I've been feeling very emotional this week. Like today, for instance, I was watching the last few minutes of Coyote Ugly while I ate my lunch. Not exactly a tearjerker, but I was totally welling up at pretty much any show of love, caring, or kindness the characters gave each other. It is a good sign for me. I am an incredibly emotional person but I was raised to believe showing that emotion was a sign of weakness. I cry when I feel any intense emotion, something that does not serve me when a boss calls me into his office to reprimand me or I'm experiencing deep frustration with a team member on a project. So over the years I learned to repress those emotions, shoving them down under layers of practicality. But it isn't like they go away. No, they act like volcanic pressure slowly building up until one day they explode with a passion all over some poor, unsuspecting, and most likely undeserving person. They also show up in the form of back pain, knee pain, headaches, stomach aches -- uncomfortable ways for them to seep out whatever their form. So experiencing emotion freely and in the moment is a relief, a positive change. Next up is to stop judging myself and feeling silly when the reaction appears to be an overreaction, to listen to what those emotions are telling me and follow their guidance.

I am far from alone in judging people during displays of emotion. Look at what happened to Hillary this week when she had an emotional moment while campaigning. People were talking about how this proves she's weak and that women won't make good presidents because they are too emotional. But I had the exact opposite reaction. I was so relieved to see her show her softer side, to have that emotion come to the surface and leak out. It made her more human and it made me like her more. Having a president with a full range of emotions who recognizes them as valuable and doesn't sweep them under a rug might be exactly what this country needs. Emotions are powerful guidance systems, especially if you are in touch with your intuitive and spiritual nature, and having leaders who are guided by ego and pride hasn't been working out too well for us. I believe that this new millennium is about transformation, about going to the next level and moving from merely surviving to expansive thriving. The consciousness of the country and the world is making a palpable shift, and I expect we'll start to see that shift showing up in our government too. I can't predict what the results of this election year will bring, but I do know that whatever happens, people are waking up, starting to pay attention in different ways, to focus on what they find to be most important and to make choices to bring positive change to their lives and the world. Just thinking about these opportunities brings tears to my eyes, and I am so relieved that I can feel those feelings right now. Thank you, thank you, thank you. And namaste.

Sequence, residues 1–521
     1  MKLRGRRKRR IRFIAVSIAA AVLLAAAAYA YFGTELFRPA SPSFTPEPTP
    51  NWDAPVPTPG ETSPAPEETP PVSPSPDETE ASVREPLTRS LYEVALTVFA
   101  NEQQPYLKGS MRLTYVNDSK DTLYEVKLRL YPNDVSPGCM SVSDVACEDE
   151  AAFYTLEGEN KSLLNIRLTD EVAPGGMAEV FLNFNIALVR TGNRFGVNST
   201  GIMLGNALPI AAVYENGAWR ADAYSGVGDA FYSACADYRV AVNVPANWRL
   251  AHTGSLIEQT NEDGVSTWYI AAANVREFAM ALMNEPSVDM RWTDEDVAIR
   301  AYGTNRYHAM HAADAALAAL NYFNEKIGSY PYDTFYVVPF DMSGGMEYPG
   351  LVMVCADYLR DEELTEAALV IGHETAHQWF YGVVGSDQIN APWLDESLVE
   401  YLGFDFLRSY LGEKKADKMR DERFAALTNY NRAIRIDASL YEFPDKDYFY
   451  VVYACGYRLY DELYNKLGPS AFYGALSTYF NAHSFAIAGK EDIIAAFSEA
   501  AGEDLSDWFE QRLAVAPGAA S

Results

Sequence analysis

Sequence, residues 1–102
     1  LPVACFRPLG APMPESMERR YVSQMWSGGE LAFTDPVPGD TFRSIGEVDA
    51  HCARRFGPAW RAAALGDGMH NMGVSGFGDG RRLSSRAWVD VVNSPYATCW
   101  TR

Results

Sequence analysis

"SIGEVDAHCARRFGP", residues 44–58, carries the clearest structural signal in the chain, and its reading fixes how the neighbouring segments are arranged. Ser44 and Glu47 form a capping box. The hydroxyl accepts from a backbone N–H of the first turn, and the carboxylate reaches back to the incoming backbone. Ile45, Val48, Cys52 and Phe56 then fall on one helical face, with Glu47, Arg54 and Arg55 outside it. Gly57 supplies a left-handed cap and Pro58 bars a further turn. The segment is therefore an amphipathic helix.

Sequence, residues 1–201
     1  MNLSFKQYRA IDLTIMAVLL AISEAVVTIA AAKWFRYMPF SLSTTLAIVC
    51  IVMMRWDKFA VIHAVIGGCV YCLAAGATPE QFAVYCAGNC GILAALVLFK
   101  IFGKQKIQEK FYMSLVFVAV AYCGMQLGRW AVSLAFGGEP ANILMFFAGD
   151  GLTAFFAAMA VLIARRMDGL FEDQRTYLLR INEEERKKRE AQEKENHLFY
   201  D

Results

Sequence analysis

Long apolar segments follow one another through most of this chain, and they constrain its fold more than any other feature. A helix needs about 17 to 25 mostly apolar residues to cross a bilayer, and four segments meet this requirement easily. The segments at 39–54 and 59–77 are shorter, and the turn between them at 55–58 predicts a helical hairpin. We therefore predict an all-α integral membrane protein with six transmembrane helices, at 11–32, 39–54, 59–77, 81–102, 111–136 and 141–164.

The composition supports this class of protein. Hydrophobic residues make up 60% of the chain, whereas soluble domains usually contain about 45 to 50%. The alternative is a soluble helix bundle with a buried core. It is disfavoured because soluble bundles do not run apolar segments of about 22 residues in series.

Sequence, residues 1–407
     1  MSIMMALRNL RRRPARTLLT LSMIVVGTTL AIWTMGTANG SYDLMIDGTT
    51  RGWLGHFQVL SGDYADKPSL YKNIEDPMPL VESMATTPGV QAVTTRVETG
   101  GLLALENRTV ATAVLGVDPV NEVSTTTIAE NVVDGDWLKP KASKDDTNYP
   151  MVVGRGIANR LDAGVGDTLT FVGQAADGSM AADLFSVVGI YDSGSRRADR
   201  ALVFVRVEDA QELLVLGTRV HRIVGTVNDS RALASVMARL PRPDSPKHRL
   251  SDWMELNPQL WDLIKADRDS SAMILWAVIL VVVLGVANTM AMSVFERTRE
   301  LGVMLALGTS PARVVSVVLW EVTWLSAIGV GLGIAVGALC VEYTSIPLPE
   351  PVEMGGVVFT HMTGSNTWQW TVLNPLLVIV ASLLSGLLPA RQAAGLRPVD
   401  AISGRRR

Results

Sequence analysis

Tuesday, January 8, 2008

Spring cleaning

There is something so incredibly satisfying about cleaning. And I don't mean the scrub the toilet and vacuum kind of cleaning. I mean the reorganization of books and pens and jewelry and even furniture and throwing out everything that isn't nailed down kind of cleaning. I usually associate it with spring, when you can throw open the windows and doors and let that wonderful freshness into your home. Today is about as winter in the Bay Area as you can get -- gray and cool and raining -- but that compulsion to do a little spring cleaning came over me this morning and I succumbed to its wonderful pressure. Wonderful because of the calmness and centeredness that comes over me when I get to soak up the results. It can be difficult to stop once I get rolling. I finish one thing and I see another and another and another that all need to be taken care of immediately too. I'm the kind of person that goes to bed when the sun goes down, but I've been known to stay up past midnight rearranging my bookshelves or cleaning out a closet.

This physical reorganization is about so much more than just making my home feel that much homier, a good enough reason in itself. It's about the way that it opens me up to do internal reorganization as well, setting the example outside so that my insides know what to do. If I've been banging my head up against a wall trying to work something through, a little spring cleaning is the magic ingredient to make everything fall into place. I'm not saying that I had any great epiphanies this morning -- insight is not a requirement for this process -- but I can tell from the shift in how I am resonating with my surroundings that it is working. There are still a few hours of daylight left -- is there anything else I can tackle today?

Upanishads Quote

God made the senses turn outwards, man therefore looks outwards, not into himself. But occasionally a daring soul, desiring immortality, has looked back and found himself.

~The Upanishads